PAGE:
Google is in the midst of rolling out improvements for Drive and all of its productivity apps (Docs, Sheets, Slides, Drawings, and Forms) specifically with blind and low-vision users in mind.
Aimed primarily at education users, the internet giant collaborated with a number of experts on this project, including the National Federation of the Blind and the University of Michigan.
The new features include refreshable Braille display support for reading and entering text, an updated keyboard shortcut help dialog for faster searches, and more screen reader improvements (specifically for Docs, Sheets and Slides) for tasks such as spelling suggestions and revision history.
Google engineering vice president Alan Warren stressed further in a blog post on Thursday that absolutely everyone should be able to utilize Google Apps without hindrance, "regardless of ability."
Imagine trying to keep track of another person’s real-time edits in a document — using only your ears. Or trying to create a table from spreadsheet data — without being able to clearly see the cells. Whether you’re backing up a file in Drive or crunching some numbers in Sheets, it should be easy to bring your ideas to life using Google’s tools. But if you’re blind or have low vision, you may need to rely on assistive technologies such as screen readers and Braille displays — and that can make working in the cloud challenging. While screen readers can parse static webpages (like this blog) relatively easily, it’s much harder for them to know what to say in interactive applications like Google Docs because the actions they need to describe are much more complex.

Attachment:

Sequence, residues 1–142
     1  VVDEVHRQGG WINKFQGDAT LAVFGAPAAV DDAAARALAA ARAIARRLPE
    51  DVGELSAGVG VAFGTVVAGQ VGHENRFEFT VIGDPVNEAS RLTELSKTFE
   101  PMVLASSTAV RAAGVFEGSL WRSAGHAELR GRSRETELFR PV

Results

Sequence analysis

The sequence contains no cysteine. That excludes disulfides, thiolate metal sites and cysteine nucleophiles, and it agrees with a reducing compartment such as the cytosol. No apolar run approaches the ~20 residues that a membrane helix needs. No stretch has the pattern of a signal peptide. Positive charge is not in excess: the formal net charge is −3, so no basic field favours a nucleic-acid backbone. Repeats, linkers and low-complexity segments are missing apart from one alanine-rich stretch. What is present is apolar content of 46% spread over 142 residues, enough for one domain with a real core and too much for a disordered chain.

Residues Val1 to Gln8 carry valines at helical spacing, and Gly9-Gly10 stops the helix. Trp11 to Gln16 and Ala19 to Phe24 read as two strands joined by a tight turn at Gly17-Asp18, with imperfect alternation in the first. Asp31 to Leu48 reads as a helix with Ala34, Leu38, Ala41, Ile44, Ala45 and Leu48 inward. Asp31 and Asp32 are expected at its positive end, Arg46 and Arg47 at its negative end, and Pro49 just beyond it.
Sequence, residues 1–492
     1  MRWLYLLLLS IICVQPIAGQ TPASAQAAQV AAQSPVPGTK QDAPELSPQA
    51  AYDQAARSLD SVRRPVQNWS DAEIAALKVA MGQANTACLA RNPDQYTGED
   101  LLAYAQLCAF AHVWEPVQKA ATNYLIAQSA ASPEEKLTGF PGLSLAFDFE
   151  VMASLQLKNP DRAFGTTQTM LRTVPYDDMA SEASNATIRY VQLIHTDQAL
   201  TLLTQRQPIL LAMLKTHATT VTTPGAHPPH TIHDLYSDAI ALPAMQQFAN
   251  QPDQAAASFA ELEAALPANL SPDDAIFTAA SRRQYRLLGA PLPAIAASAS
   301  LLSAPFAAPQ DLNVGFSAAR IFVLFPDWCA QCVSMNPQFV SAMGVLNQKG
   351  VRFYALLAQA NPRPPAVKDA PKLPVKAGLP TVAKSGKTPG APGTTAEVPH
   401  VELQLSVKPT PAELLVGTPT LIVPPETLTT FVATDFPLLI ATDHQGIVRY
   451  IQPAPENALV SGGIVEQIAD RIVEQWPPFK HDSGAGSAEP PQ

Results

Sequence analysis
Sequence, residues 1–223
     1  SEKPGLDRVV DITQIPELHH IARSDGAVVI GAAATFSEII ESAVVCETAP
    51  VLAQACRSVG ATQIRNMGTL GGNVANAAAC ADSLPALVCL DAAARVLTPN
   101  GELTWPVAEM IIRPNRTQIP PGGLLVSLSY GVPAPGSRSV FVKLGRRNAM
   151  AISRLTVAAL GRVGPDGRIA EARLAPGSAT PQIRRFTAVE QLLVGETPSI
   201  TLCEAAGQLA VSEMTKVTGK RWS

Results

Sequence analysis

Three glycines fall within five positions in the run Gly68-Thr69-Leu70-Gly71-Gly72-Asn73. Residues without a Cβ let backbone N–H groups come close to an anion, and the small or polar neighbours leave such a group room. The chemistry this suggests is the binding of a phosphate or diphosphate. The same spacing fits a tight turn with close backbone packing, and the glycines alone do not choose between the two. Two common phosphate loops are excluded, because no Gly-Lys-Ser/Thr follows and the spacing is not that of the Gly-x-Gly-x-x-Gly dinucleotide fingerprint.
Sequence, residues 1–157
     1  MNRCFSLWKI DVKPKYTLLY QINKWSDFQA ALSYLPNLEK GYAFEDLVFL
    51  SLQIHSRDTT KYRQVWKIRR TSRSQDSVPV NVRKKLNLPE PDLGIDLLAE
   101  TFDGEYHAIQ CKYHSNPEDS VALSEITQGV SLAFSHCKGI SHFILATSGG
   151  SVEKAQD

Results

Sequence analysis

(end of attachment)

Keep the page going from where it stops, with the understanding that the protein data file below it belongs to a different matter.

The upgrades follow some additional tweaks here and there across the Google Apps platform this week.
, Google for Work (the department became more iOS-friendly with the debut of iOS Sync for Google Apps.
Hangouts is also getting free voice calling on Android, iOS, and web channels in the United States and Canada.
For a closer look at Google Accessibility for Docs, check out the promo clip below:
Screenshot via Google